Projects failing to satisfy controversial guidelines recommended five years ago by the World Commission on Dams will no longer be eligible for any kind of financial support from the biggest international commercial bank, following last months policy announcement by HSBC Group in London.
"This guideline ensures that our activities in the freshwater sector reinforce our efforts to reduce the social and environmental impacts of our operations," said group chairman John Bond, in a statement after the banks annual general meeting on May 27.
Projects most clearly no longer in HSBCs market are those failing to conform to the WCD Framework. Also excluded are projects that degrade or convert critical natural habitats or the 1,430 wetland sites registered under the international Ramsar agreement of 1971. World Heritage Sites listed by the United Nations Educational, Scientific and Cultural Organization will also be barred.
As well as identifying ineligible types of projects, HSBCs guideline "outlines the standards that customers operating in this area are expected to meet," it adds. The new policy covers water resource management, services and infrastructure but not usage and other human activities affecting water.
HSBCs announcement is "great news," says Patrick McCully executive director of the environmental group International Rivers Network, Berkeley, Calif. HSBC "is the only private financier that I know of" to adopt the WCD recommendation in clear terms, he adds.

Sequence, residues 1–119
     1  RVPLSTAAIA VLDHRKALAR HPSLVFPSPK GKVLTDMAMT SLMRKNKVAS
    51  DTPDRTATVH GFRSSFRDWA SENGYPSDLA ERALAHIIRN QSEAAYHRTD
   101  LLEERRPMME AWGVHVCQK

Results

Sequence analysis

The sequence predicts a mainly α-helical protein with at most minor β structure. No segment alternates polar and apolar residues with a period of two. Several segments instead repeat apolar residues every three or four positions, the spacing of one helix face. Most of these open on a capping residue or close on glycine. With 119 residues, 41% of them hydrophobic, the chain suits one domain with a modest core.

Otherwise, the "dam-building industry are very critical (of WCD) and so are dam-building governments," McCully adds. McCully is disappointed with the World Banks failure to adopt recommendations from WCD, which it partly sponsored. The bank "started immediately backing off," he says.
But McCully is encouraged by South Africas effort to accommodate the WCD. And he is pleased by the European Unions directive, passed last year, that refers to WCD guidelines in defining the eligibility of hydro projects to take part in its new carbon-trading system.
HSBCs Freshwater Infrastructure Guideline, according to the bank, is "based on widely adopted international sustainable development standards...including the (WCD), as well as other industry participants, development agencies and major environmental non-governmental organizations"
"We share the basic values (of WCD) but we do not agree with the guidelines," says Emmanuel Grenier, spokesman for the International Commission on Large Dams, Paris. The World Bank cosponsored WCD, but its "position changed in 2003," he says. He also claims that HSBC does not do much dam financing.
WCD proposes a planning and decision-making approach based on strategic targets, including gaining public acceptance, reviewing alternatives to dams, assessing potential for enhancing benefits from existing dams, sustaining rivers and livelihoods, recognizing entitlements and sharing benefits, ensuring compliance with project commitments, and sharing transboundary rivers.